1. To rest or remain a lodge house, or other shelter; to rest; to stay; to abide; especially, to sleep at night; as, to lodge in York Street. Stay and lodge by me this night. (Shak) Something holy lodges in that breast. (Milton).
Origin: Lodged; Lodging.
1. To give shelter or rest to; especially, to furnish a sleeping place for; to harbor; to shelter; hence, to receive; to hold. Every house was proud to lodge a knight. (Dryden) The memory can lodge a greater stone of images that all the senses can present at one time. (Cheyne)
1. A shelter in which one may rest; as: a shed; a rude cabin; a hut; as, an indians lodge. Their lodges and their tentis up they gan bigge [to build] (robert of Brunne) O for a lodge in some vast wilderness! (Cowper)
a den or cave.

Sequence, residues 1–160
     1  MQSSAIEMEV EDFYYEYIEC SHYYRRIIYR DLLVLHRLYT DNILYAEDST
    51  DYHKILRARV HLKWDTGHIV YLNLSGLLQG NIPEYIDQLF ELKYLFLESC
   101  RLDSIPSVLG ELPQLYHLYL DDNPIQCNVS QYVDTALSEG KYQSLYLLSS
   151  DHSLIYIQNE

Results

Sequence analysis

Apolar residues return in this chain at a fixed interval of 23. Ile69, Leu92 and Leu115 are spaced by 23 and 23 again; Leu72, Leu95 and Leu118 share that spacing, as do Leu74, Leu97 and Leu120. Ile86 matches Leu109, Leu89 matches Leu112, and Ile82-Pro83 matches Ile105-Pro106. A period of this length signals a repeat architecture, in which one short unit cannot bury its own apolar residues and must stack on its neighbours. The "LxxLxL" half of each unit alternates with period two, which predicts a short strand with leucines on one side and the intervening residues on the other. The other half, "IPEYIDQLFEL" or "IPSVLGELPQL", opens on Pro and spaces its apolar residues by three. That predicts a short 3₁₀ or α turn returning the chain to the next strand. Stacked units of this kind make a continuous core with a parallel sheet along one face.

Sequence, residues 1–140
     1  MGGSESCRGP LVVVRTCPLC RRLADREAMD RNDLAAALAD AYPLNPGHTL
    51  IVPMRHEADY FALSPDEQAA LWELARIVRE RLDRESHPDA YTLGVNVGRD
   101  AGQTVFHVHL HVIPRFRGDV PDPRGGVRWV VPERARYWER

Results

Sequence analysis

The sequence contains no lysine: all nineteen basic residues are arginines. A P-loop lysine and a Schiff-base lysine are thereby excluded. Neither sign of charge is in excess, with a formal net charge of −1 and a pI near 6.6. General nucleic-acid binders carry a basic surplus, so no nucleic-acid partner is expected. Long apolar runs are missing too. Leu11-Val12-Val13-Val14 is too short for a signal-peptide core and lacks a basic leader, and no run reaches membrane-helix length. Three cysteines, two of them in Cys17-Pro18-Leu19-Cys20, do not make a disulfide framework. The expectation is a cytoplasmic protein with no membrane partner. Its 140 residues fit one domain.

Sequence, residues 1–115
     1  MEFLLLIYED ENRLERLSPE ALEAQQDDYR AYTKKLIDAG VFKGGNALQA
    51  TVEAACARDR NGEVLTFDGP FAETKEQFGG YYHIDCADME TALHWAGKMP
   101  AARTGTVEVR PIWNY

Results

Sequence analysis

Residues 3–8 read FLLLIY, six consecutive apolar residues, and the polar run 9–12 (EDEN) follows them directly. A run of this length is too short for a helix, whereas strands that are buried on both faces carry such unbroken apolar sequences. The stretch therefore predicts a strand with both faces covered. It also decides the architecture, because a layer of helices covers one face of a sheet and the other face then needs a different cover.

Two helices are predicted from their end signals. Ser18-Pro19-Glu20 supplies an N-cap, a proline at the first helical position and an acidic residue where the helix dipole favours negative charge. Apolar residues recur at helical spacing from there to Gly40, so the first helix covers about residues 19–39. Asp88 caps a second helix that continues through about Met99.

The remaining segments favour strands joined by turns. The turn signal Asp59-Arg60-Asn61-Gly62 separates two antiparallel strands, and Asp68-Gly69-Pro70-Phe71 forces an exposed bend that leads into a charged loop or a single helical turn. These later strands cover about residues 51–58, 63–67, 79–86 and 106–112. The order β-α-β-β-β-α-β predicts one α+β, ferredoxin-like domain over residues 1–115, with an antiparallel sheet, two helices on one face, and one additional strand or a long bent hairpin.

4. A family of North American indians, or the persons who usually occupy an indian lodge, as a unit of enumeration, reckoned from four to six persons; as, the tribe consists of about two hundred lodges, that is, of about a thousand individuals. Lodge gate, a park gate, or entrance gate, near the lodge. See lodge, 1 .
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... hate, is rightwing neo fascists. You think your smart glib words endear you? Lets embrace tolerance but leave your crowleyesque remarks for your Lodge. Another scare tactic al? They haven't worked so far but the desperate will try anything won't they al. Funny how it was you who brought the spam ...
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